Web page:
National Expert to Speak on Obesity Epidemic in Contra Costa County
June 7, 2006
A national health expert will be in Contra Costa next week to share his vision about how environmental factors contribute to the obesity epidemic and what communities can do to make changes.
Dr. Richard Jackson, former director of the Centers for Disease Control and Prevention's National Center for Environmental Health, will speak to the Contra Costa County Board of Supervisors on June 20 in support of a Board Order being introduced by Supervisor Mark DeSaulnier. Dr. Jackson will make a presentation titled "Urban Sprawl and Public Health: Designing, Planning and Building for Healthy Communities." He will describe his research on the relationship between a community's health and the built environment - the things in our environment that are "human" modified such as housing, industry, parks, streets, and trails.
"Contra Costa has always placed an emphasis on public health and the quality of life in our communities. Dealing with the obesity epidemic requires us to take a comprehensive look at how we are planning our communities and how we can support health life styles," says DeSaulnier.
The Board Order recommends that its Ad Hoc Committee on Smart Growth re-convene within 30 days to consider how the Departments of Community Development, Public Works and Health Services together can address the health impacts of Contra Costa's built environment.
Jackson will also be the featured speaker on Monday, June 12 from 1:30 - 3 p.m. at the Families Coalition for Activity and Nutrition (Families CAN) at 1035 Detroit Avenue in Concord.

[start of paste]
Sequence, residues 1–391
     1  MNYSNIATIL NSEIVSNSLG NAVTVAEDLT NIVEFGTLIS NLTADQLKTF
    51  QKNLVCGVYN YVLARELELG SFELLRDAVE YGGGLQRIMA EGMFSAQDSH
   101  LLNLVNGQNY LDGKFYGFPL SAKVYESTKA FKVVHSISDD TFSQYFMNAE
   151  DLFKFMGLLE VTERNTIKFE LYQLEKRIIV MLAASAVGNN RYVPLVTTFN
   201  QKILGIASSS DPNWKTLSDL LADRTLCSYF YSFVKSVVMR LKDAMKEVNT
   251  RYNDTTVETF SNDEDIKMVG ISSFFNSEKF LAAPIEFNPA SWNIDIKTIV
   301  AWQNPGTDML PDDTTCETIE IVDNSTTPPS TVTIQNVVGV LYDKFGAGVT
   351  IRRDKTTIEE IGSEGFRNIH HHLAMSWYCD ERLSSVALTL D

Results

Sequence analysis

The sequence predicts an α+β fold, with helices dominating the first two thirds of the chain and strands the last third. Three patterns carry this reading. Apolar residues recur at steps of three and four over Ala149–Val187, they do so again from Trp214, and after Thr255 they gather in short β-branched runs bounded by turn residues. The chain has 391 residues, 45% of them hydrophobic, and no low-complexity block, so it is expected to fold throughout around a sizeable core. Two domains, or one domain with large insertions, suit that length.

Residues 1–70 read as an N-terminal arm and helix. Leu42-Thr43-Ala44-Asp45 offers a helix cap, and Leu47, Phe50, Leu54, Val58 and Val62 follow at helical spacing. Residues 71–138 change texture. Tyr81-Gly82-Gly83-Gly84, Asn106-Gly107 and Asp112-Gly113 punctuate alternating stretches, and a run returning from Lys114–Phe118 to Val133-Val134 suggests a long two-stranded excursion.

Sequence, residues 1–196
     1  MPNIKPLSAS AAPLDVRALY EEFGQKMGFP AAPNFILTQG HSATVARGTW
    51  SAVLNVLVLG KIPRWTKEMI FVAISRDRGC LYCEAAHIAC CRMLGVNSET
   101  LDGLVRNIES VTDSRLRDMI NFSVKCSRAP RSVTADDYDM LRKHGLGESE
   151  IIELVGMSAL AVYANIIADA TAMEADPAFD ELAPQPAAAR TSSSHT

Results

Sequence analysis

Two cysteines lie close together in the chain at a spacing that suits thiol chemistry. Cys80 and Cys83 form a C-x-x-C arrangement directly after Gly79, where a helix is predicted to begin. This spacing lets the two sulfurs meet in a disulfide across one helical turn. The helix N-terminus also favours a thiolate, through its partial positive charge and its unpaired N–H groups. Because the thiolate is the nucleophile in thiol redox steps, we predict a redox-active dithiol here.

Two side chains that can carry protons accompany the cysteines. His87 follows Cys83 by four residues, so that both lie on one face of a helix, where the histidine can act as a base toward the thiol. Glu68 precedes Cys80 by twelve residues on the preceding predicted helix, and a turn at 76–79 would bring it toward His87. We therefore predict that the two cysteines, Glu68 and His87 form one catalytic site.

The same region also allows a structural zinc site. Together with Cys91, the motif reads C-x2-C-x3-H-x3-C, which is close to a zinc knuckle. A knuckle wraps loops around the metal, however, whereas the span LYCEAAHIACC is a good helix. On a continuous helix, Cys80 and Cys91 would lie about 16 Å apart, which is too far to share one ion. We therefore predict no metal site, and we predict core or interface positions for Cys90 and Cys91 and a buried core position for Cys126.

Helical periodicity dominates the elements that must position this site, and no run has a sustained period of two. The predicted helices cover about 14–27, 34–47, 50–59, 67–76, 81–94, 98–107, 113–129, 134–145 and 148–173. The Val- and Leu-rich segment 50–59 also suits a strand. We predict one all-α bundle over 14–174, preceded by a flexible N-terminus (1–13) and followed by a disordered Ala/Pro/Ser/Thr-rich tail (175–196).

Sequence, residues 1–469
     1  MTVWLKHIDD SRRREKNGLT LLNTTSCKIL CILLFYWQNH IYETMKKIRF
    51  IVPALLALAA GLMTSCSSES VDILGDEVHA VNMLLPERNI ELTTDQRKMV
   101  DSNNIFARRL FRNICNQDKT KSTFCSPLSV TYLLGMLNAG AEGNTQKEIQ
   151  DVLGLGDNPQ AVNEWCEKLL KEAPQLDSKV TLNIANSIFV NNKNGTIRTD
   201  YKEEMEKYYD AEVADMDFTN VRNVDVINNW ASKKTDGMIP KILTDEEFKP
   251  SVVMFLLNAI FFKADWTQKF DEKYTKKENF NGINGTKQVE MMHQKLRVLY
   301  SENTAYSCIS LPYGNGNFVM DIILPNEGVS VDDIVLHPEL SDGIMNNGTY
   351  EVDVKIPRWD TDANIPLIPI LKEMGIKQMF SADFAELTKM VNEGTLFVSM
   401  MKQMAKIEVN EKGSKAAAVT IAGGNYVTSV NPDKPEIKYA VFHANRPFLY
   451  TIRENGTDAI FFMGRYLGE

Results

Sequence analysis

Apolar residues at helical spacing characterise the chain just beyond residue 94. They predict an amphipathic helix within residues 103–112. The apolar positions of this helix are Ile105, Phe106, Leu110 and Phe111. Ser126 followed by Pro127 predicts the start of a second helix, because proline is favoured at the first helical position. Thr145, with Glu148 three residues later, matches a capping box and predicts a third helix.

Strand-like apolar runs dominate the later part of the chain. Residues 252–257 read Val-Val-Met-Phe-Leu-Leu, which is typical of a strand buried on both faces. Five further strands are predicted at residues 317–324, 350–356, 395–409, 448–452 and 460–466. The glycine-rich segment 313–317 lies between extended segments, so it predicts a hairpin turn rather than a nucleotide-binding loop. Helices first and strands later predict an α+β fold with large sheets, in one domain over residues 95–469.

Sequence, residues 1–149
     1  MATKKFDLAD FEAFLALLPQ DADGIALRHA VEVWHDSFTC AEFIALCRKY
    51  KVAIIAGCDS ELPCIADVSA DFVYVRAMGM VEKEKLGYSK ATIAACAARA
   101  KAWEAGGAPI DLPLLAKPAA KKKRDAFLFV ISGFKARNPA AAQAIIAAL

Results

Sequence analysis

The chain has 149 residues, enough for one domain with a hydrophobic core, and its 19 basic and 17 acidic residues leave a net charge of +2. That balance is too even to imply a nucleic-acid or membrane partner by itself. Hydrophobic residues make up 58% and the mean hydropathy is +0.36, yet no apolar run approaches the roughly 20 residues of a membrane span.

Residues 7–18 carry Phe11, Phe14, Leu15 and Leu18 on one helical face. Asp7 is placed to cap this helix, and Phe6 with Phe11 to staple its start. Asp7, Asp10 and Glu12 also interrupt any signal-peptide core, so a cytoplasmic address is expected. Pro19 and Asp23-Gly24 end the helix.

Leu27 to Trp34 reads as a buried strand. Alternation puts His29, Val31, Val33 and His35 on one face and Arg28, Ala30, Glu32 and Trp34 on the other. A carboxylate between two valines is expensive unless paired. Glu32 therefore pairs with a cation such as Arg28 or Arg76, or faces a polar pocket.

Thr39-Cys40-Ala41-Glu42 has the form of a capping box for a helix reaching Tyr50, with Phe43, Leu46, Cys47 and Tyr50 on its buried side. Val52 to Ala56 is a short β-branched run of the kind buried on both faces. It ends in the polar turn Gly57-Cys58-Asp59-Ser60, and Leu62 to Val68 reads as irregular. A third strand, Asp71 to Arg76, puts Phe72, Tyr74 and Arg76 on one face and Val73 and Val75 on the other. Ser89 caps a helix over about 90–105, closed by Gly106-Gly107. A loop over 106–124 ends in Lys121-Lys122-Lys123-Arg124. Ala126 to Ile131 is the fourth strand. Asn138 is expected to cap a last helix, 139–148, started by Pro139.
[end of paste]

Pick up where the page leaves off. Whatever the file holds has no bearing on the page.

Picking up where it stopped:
Jackson is currently Professor of Environmental Health at the University of California Berkeley School of Public Health. He is a 2005 recipient of the Presidential Distinguished Executive Award for his outstanding leadership and achievement in improving environmental public health.
He serves on the Board of Directors of the National American Institute of Architects. He also served as the State Health Officer for the California Department of Health Services.
"We are delighted that Dr. Jackson is coming to Contra Costa to talk about what it takes to deal with the obesity epidemic. Strategies like building safe bike and walking routes are ways to encourage residents to get more exercise. More physical activity for children and their parents means a decrease in obesity and other diseases like diabetes and heart disease. It makes sense for communities to make these changes in our environment to support healthy lifestyles," says Nancy Baer, who manages the county's physical activity promotion effort and is a member of Families CAN, a community-county coalition working to advocate and promote healthy lifestyle and environments.
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